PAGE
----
Australians are working longer and exercising less with two out of three adults now classed as overweight or obese – presenting Dr Scott Pedersen with a mighty battle.

As the Director of the Active Work Lab in the University of Tasmania's Faculty of Education, a facility bringing together researchers keen to find healthy alternatives to desk-based work, Dr Pedersen is racing to find new solutions to Australia’s sedentary lives – battling not just bulging waistlines, but also risks of muscular-skeletal and cardio-metabolic conditions that can arise as a result of prolonged sitting.

“There are two main areas of our research at this point, the Hotdesk idea which replaces the traditional chair with a treadmill, elliptical trainer, stepper or bike, or the Exertime idea, which prompts people to get out of their chair every hour and move around,” Dr Pedersen said.

So far what we have found is that productivity doesn’t decrease when we introduce these activities; what we are now looking at in a year-long study, is whether their productivity actually increases.

The projects came about in 2009, when reality TV shows tackling obesity became popular and raised awareness of the issue but also leaving many people feeling incapable of making changes to their daily routine that would have any impact.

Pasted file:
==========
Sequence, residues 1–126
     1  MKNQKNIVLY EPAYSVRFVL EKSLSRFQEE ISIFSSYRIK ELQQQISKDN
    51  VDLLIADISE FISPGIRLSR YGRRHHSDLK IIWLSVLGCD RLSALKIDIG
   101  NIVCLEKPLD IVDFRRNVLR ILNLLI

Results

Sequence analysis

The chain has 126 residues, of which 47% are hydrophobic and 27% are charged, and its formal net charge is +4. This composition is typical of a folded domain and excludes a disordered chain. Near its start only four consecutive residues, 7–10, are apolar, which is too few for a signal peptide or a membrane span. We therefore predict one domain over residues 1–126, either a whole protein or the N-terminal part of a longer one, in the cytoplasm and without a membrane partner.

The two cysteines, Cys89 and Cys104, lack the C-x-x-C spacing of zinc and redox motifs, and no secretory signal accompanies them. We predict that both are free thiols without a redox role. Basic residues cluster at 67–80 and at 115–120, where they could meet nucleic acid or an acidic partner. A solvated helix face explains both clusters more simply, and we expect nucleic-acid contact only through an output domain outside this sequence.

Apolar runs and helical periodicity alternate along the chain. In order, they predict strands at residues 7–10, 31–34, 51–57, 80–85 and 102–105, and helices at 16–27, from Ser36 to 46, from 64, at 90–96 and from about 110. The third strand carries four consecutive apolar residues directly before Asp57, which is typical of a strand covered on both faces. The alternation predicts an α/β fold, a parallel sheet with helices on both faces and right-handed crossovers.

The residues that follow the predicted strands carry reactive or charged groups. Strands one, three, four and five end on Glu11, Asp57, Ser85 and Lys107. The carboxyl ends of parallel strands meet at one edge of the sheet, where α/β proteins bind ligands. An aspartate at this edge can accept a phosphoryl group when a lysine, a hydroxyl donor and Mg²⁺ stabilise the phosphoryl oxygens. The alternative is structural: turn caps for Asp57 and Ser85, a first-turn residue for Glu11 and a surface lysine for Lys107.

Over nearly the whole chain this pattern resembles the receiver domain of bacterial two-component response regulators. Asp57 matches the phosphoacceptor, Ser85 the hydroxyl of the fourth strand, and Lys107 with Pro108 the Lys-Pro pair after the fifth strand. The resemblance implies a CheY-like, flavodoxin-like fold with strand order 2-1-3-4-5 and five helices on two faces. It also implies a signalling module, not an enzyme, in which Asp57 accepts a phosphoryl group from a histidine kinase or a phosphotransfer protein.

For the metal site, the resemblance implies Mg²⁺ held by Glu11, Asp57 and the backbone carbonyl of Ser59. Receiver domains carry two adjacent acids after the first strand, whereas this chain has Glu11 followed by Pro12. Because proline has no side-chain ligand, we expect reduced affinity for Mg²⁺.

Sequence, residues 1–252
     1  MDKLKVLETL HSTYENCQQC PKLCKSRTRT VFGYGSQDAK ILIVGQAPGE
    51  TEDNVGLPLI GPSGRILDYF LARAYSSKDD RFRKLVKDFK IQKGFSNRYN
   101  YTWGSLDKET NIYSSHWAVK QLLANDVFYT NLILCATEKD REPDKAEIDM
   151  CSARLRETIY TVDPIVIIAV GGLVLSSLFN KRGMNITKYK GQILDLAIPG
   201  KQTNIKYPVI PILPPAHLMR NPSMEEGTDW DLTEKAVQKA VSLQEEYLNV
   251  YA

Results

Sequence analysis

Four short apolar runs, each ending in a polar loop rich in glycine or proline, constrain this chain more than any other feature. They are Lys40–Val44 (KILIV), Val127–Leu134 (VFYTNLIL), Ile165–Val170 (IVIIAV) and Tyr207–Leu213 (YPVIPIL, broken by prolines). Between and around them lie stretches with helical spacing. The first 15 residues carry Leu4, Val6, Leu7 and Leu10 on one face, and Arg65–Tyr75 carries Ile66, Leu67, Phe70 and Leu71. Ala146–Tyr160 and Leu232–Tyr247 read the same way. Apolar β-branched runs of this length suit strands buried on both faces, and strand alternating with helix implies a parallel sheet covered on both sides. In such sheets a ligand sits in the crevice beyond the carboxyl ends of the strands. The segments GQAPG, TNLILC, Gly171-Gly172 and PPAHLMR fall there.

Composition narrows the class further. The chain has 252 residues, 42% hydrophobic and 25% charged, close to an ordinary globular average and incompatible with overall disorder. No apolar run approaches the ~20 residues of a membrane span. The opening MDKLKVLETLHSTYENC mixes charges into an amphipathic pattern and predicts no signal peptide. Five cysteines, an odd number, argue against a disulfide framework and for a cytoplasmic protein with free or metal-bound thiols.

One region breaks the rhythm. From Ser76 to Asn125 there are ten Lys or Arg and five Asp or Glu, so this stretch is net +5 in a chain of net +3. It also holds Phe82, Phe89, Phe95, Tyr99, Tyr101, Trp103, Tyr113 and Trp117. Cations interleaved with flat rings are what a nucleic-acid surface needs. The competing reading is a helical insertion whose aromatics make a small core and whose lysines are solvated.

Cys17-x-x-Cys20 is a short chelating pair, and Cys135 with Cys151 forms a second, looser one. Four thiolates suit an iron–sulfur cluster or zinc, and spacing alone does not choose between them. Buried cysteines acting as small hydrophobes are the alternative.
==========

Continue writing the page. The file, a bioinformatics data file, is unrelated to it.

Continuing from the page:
Following a look into research about sedentary desk jobs that highlighted the fact that a single bout of exercise a day was not sufficient to make up for a day spent at a desk, Dr Pedersen and his research partner on the Exertime project, Dr Dean Cooley, began to research how exercise could be incorporated into the workday easily and efficiently.

We want to make people more mindful of their working environment and the impacts it can have on their health.

“We also hope to be able to show employers the short and long-term benefits for their employees when they are staying active at work.”

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